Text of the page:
Sociology and criminal justice faculty
Scott A. Monsma, Ph.D.
Professor of Sociology
Ph.D., University of Pittsburgh
M.A., University of Pittsburgh
B.A., Geneva College
A champion of social justice, Dr. Monsma is a frequent presenter at Association of Christians Teaching in Sociology conferences and has served as the organization’s president. He also has led students on study abroad trips to Taiwan in 2000 and to the Sultanate of Oman in 2004, '06 and '08. He was awarded Northwestern's Teaching Excellence Award in 2014.
- Social Problems
Social Problems (4 credits) This course is about learning to critically think about society and various problems in society. This course will examine a number of social issues as we wrestle with how we can decide if an issue is a social problem, decide which social problems might be more significant than others, and evaluate potential solutions for social problems. We are going to wrestle with some challenging questions with the goal of helping us to think deeply about how we might seek justice on an individual level and within society.
- The Criminal Justice System
The Criminal Justice System (4 credits, alternate years, consult department) A study of the development of, issues in,
and new directions for, the American criminal justice system. Each step of the system is critiqued in terms of intended and unintended consequences as well as official and operative goals, and is related to a deta
iled discussion of various correctional treatment programs: prisons, halfway houses, group homes, community-based treatment programs, probation, parole and others. Those in the criminal justice career concentration should take SOC218 first. Prerequisite:
recommend general education writing requirement.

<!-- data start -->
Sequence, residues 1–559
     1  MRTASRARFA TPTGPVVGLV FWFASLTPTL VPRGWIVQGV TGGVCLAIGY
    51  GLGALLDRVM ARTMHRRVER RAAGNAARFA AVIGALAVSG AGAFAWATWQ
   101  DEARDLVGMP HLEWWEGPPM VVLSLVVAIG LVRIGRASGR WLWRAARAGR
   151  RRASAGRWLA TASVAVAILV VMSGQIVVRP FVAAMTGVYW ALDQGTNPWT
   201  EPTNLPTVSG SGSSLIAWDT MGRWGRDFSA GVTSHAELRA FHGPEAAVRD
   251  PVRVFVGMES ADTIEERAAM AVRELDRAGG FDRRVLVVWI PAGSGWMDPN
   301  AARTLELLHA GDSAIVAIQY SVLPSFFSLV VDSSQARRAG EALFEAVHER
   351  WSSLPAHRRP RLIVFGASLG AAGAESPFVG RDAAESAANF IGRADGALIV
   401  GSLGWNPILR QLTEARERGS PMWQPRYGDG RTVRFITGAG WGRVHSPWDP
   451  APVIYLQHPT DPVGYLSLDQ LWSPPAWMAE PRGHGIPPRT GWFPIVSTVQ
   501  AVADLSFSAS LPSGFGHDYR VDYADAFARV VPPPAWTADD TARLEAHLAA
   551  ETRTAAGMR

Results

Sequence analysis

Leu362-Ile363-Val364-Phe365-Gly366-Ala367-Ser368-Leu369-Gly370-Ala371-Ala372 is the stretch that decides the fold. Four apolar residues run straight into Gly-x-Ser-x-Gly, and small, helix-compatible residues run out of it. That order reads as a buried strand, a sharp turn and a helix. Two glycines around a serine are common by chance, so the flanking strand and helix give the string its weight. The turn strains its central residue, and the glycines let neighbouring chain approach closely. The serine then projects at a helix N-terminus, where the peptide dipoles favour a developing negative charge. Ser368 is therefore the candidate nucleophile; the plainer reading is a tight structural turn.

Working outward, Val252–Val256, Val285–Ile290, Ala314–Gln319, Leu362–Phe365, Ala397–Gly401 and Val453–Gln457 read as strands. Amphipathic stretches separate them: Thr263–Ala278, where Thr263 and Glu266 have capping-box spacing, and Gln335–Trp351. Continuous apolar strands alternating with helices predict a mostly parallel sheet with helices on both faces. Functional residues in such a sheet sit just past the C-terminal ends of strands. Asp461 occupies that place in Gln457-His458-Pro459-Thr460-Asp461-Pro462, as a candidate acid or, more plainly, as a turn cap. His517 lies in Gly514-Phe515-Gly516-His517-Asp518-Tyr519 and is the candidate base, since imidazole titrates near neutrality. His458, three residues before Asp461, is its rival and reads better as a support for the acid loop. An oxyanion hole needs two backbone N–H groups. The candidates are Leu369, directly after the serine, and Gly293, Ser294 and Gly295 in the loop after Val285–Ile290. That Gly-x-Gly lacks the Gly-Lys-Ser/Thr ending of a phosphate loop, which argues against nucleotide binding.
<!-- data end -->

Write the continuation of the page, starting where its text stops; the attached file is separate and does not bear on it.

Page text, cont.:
- Sociological Theory
Sociological Theory (4 credits, alternate years, consult department) In this course, we are going to consider a number of sociological theorists and ideas. We will not attempt a comprehensive examination of theory, either classic or contemporary. Rather, we will dive deeply into a number of texts to explore how theory can give us unique insights into the social world and the ways in which the social world shapes the lives of individuals. And we will contemplate if, instead of just interpreting the world in various ways, these theories suggest ways in which to change it. Prerequisites: SOC101, sociology major or permission of instructor.
- Topics in Cross-Cultural Studies
Topics in Cross-Cultural Studies (2-6 credits; summer; may be repeated) Northwestern College offers a variety of off-campus opportunities with Northwestern faculty in various countries around the world. These courses offer a unique opportunity for students to make the world their classroom, going beyond the confines of the traditional classroom. Topics covered may include, but are not limited to, language, politics, religion, business, education, music, history, and literature. Students are given an opportunity to examine a particular culture through various experiences, such as home stays, ethnographic observation/research, and placement in various social institutions. Past programs have taken students to China, the Czech Republic, France, Great Britain, Ecuador, Germany, Ireland, Jamaica, Mexico, Oman, Romania, Russia, South Africa and Taiwan.
- Contemporary Marriage and Family Living
Contemporary Marriage and Family Living (4 credits) A study of the basic sociological theories of the family from a Christian
perspective. Topics include: the structure and functions of families, historical and social changes, cross-cultural analysis, institutional and functional aspects of dating, courtsh
ip, marriage adjustment, gender roles, parenthood and child rearing.(4 credits)
- Deviance and Social Control